From Major General Horatio Gates
Boston March 4th 1779
Yesterday I had the Honour to receive your Excellency’s Letter of the 14th Ulto from Middle-Brook. I am sorry to find Your Excellency seems to have given over all thoughts of penetrating into Canada by the Route of Co’os, after the preparations made for that purpose, at an incredible Expence.
I am satisfied you could not have advised with Two men, upon this Continent, better acquainted with the practicable Routes to the River St Lawrence, than General Bayley, and Colonel Hazen; the Latter being an Officer of great merit, and Service, and who long resided upon the River Sorell, and the former, the best of any acquainted with the Country between Co’os & Lake St Peters, who likewise has the most extensive influence upon the brave and Numerous Inhabitants in the Northern parts of the States which lie near Canada. As your Excellency advised with them, and Determined upon the Route by Co’os, I beg leave to express my Astonishment at the sudden change of your Sentiments, and relinquishment of that plan.1
To go into Canada by Lake Champlain, before the Enemy’s Fleet are taken, or destroyed, is almost impracticable; to Attempt it by Lake Ontario, before Niagara is taken, & the Vessels upon that Lake are removed, is still more difficult, as the Fort at La Galette must be reduced before the passage down the River St Lawrence is open to Montreal. I believe that in the present State of our Army, and the actual Situation of our Magazines, to attempt a serious Invasion of Canada, by whatever Route, would prove unsuccessful, unless the Fleet of Our Allies should, at the same time, co-operate with us, by Sailing up the River St Lawrence. In that Case, the Enemy’s Force, would, all (Their Fleet Excepted) move down the River, to Succour Quebec; and, our Armament from Co’os, assisted by the Canadians, who would Flock2 to meet us, might March in the Utmost Security, from Co’os to Lake St Peters.3 The Upper Canada would then be wholly Ours; and The English Fleet on Lake Champlain, thus rendered Useless, would be destroyed by its own Crews, before these should be ordered down the River, to make the best of their way to Quebec.
I much lament the Amazing and needless4 Expense that is incurred by the preparations making on the upper parts of Hudson’s River; for, I am confident, no Force of Ours can get into Canada, by either of the Routes from Albany, in the Year 1779. The last paragraph of Your Excellency’s Letter, alarms me exceedingly. There is no Magazine of Flower in all these States; and, to have no hopes of procuring One, either by Land, or Sea, is a most melancholly5 consideration.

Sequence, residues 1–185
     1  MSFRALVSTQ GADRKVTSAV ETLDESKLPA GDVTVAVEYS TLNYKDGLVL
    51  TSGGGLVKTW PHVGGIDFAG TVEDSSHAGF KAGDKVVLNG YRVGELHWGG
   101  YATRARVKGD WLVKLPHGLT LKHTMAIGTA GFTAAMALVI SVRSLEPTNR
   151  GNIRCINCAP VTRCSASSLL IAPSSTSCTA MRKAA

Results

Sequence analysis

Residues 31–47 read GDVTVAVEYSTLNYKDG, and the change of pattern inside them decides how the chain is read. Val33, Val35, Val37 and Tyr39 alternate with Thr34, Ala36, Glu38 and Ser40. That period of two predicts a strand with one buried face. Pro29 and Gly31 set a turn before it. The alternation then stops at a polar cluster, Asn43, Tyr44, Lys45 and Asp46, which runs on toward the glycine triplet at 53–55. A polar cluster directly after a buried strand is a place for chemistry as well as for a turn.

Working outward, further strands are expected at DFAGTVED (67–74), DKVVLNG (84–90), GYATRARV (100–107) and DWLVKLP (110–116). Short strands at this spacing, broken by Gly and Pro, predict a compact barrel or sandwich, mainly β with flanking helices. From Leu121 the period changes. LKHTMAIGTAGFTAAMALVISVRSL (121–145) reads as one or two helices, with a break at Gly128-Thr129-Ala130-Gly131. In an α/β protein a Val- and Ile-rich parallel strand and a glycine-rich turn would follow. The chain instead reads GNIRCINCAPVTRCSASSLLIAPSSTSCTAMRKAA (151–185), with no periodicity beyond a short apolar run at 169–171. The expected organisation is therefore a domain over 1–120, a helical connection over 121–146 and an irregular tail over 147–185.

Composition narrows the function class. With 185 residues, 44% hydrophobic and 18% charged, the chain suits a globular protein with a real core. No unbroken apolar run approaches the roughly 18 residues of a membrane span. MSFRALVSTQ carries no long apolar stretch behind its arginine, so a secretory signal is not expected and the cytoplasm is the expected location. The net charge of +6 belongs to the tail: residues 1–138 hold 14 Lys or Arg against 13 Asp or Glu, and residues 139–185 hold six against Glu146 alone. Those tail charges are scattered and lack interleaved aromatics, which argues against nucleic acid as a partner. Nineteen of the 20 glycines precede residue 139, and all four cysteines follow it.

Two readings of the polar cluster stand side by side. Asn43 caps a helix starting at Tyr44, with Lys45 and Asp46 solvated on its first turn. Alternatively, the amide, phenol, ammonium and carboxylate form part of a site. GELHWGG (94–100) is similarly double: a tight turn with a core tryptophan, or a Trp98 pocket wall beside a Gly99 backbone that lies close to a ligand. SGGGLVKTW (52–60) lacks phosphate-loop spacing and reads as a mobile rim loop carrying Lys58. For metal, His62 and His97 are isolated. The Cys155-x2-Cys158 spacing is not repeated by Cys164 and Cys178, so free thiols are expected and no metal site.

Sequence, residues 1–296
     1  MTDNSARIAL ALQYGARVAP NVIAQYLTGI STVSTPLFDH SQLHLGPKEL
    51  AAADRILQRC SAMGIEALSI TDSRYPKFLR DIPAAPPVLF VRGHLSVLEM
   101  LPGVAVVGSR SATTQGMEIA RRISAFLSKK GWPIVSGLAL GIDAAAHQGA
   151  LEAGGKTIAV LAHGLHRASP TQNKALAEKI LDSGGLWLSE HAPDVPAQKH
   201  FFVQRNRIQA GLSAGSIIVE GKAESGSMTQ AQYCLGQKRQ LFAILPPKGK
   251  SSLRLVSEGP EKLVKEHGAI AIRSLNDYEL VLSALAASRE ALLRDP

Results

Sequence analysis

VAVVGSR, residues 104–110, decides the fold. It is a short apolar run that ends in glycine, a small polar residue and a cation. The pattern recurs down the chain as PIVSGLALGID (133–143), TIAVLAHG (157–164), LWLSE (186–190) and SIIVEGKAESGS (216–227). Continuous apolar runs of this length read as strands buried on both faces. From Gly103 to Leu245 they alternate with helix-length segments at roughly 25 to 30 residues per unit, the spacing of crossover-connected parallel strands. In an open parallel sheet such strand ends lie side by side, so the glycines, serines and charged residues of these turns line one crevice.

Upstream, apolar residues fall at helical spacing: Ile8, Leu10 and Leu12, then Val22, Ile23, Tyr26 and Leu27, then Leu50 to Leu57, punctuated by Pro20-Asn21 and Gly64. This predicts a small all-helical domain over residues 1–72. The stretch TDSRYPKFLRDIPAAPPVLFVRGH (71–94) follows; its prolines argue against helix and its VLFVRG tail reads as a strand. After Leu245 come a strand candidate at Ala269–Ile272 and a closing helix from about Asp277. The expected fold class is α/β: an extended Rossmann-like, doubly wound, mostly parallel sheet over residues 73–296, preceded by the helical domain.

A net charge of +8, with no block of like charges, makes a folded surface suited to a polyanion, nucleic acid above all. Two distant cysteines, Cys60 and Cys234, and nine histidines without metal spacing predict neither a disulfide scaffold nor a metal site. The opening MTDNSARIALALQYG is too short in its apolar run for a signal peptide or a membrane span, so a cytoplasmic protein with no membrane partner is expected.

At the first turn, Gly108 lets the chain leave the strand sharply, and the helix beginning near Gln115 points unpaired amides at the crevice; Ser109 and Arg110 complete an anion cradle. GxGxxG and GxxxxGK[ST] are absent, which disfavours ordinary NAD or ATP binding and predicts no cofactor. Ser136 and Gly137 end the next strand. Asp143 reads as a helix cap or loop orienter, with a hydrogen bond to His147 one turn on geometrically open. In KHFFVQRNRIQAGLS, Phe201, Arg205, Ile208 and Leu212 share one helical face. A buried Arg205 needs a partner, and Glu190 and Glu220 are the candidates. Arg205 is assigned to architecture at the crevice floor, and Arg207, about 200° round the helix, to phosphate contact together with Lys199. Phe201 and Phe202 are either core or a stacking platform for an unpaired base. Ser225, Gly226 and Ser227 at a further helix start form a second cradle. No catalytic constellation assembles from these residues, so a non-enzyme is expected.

The Navy Board here just now acquainted me with their having lost all Hopes of any Supply of Rice from South Carolina, that State having laid an Embargo on that Article.6 With very great Respect, & Esteem, I am, Sir, Your Excellency’s Most Obedient Humble Servant
LS, DLC:GW; ADfS, NHi: Gates Papers; copy, enclosed in Gates to John Jay, 15 March 1779, DNA:PCC, item 154; copy, DNA:PCC, item 171; copy, in James McHenry’s writing, enclosed in GW to John Jay, 14 April 1779, owned (2006) by Mr. Joseph Rubinfine, Cocoa, Fla. GW docketed the copy in McHenry’s writing: “From Genl Gates 4th Mar. 1779.”
1. In a letter of 23 Jan. from “Camp Near Danbury,” Conn., Col. Moses Hazen had written Gates that “I am Told that great Preparations are making in albany for a western or northern Expedition which I must Confess I am at a loss to understand as by Genl Washingtons letter to me of a late Date he says that the Difficulty of Supplys and other reasons makes it necessary to suspend any opperations to the Northward for the present” (Gregory and Dunnings, “Gates Papers” description begins James Gregory and Thomas Dunnings, eds. “Horatio Gates Papers, 1726–1828.” Sanford, N.C., 1979. Microfilm. description ends ; see GW to Hazen, 7 Dec. 1778).
2. At this place on the draft, Gates first wrote “repair.” He then struck out that word and wrote “Flock” above the line.
3. Lake St. Peter (Lac St.-Pierre) is an approximately twenty-eight-mile-long portion of the St. Lawrence River where the banks reach a distance of ten miles apart just downstream from Sorel. An overland route from Coos, Vt., to Lake St. Peter is at least 150 miles.
4. At this place on the draft, Gates first wrote “incredible.” He then struck out that word and wrote “amazing and needless” above the line.
5. At this place on the draft, Gates first wrote “miserable.” He then struck out that word and wrote “most melancholly” above the line.
6. Gates is referring to an embargo on the exportation of provisions, including rice, initiated by a resolution of Congress passed on 8 June 1778, modified on 2 Sept., and then extended on 2 Oct. (JCC description begins Worthington Chauncey Ford et al., eds. Journals of the Continental Congress, 1774-1789. 34 vols. Washington, D.C., 1904–37. description ends , 11:578–79, 12:861–62, 976–79; see also Henry Laurens to Rawlins Lowndes, 6 Oct. 1778, and Lowndes to Laurens, 24 Dec. 1778, Laurens Papers description begins Philip M. Hamer et al., eds. The Papers of Henry Laurens. 16 vols. Columbia, S.C., 1968–2003. description ends , 14:385–88, 15:9–16). For the efforts of Massachusetts officials to procure grains from southern states after this embargo’s designated terminal date of 31 Jan. 1779, see JCC description begins Worthington Chauncey Ford et al., eds. Journals of the Continental Congress, 1774-1789. 34 vols. Washington, D.C., 1904–37. description ends , 13:257; Massachusetts Delegates to the Massachusetts Council, 1 March and 1 April 1779, Letters of Delegates description begins Paul H. Smith et al., eds. Letters of Delegates to Congress, 1774–1789. 26 vols. Washington, D.C., 1976–2000. description ends , 12:129–30, 272). For the resumption of trade between South Carolina and Massachusetts, see Nathaniel Russell & Co. to Clark & Nightingale, 28 April, an enclosure with Gates to GW, 25 May (DLC:GW).